Defining Irrigation Set Points Based on Substrate Properties for Variable Irrigation and Constant Matric Potential Devices in Greenhouse Tomato.
Lemay, I., Caron, J., Dorais, M., and Pépin, S. (2012). "Defining Irrigation Set Points Based on Substrate Properties for Variable Irrigation and Constant Matric Potential Devices in Greenhouse Tomato.", HortScience, 47(8), pp. 1141-1152.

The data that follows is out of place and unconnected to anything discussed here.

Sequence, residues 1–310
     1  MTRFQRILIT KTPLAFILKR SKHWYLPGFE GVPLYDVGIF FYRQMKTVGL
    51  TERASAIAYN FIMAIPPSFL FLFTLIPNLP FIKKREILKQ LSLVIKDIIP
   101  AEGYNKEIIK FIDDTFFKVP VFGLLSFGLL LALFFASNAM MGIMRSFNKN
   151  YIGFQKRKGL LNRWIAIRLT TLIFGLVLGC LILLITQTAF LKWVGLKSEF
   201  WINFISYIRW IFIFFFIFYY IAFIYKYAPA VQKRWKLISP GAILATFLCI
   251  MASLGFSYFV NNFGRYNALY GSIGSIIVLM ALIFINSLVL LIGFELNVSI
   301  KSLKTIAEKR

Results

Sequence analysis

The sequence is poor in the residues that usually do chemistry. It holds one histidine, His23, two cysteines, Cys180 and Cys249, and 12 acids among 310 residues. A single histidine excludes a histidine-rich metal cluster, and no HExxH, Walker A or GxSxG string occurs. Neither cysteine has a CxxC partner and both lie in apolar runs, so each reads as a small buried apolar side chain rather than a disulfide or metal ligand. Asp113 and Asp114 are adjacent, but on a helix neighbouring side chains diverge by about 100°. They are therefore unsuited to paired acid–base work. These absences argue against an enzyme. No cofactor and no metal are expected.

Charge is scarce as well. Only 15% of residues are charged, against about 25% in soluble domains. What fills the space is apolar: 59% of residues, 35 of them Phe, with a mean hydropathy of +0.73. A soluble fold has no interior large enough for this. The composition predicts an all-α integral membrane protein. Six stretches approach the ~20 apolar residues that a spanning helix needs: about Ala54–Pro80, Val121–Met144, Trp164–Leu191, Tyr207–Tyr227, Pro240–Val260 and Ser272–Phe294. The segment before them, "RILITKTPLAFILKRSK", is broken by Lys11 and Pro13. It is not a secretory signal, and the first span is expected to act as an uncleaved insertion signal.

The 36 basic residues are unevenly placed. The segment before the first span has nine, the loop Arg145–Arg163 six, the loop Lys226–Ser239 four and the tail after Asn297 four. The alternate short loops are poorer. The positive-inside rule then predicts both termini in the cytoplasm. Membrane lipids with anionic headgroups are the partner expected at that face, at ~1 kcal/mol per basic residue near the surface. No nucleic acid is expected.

Ongoing research on organic growing media for greenhouse tomato production is driven by the constant changes in the quality, stability, and form of the organic by products used in the manufacturing of these media. This study was undertaken to determine appropriate irrigation set points for a sawdust–peat mix (SP) under development given that the performance of this substrate appeared to be strongly dependent on appropriate irrigation management. A greenhouse tomato experiment was conducted to compare different irrigation management approaches for a SP substrate in the spring and summer. Using preliminary measurements from an initial experiment (Expt. 1), different irrigation strategies for the SP substrate were compared in a second experiment (Expt. 2): 1) a variable irrigation regime using a timer control (with frequency adjusted as a function of irradiance); 2) tensiometer control at -1.5 kPa; and 3) two constant substrate water potential devices: -1.1 kPa and -0.9 kPa. An irrigation timer/controller using solar radiation input was used with a rockwool control (RC) substrate. Measurements of plant activity [photosynthesis rate and stomatal conductance (gS)], substrate physical and chemical properties, biomass, and yield were obtained. For all irrigation strategies, results indicated that 10% to 20% higher photosynthesis rates and gS values were obtained with the SP substrate compared with RC. Data indicated that moderate drying conditions (matric potential ranging from -2.2 kPa to -1.5 kPa in Expt. 1 and Expt. 2, respectively) relative to container capacity (-0.6 kPa) were beneficial for improving plant photosynthetic activity and allowed the highest yields for the SP substrate. Variable irrigation management showed higher levels of plant activity than constant watering and increased the oxygen concentration in the substrate by ≈2% in absolute value relative to the constant water potential device. Lower CO₂ and N₂O levels were also observed with the variable irrigation strategy. On the other hand, maximum nutrient solution savings were achieved with the constant matric potential devices (8% to 31% relative to the RC). This study showed high productivity potential for the SP substrate with suitable irrigation management. Replacing conventional growing media with organic waste-based products using an appropriate irrigation strategy may help to increase the sustainability of the greenhouse industry.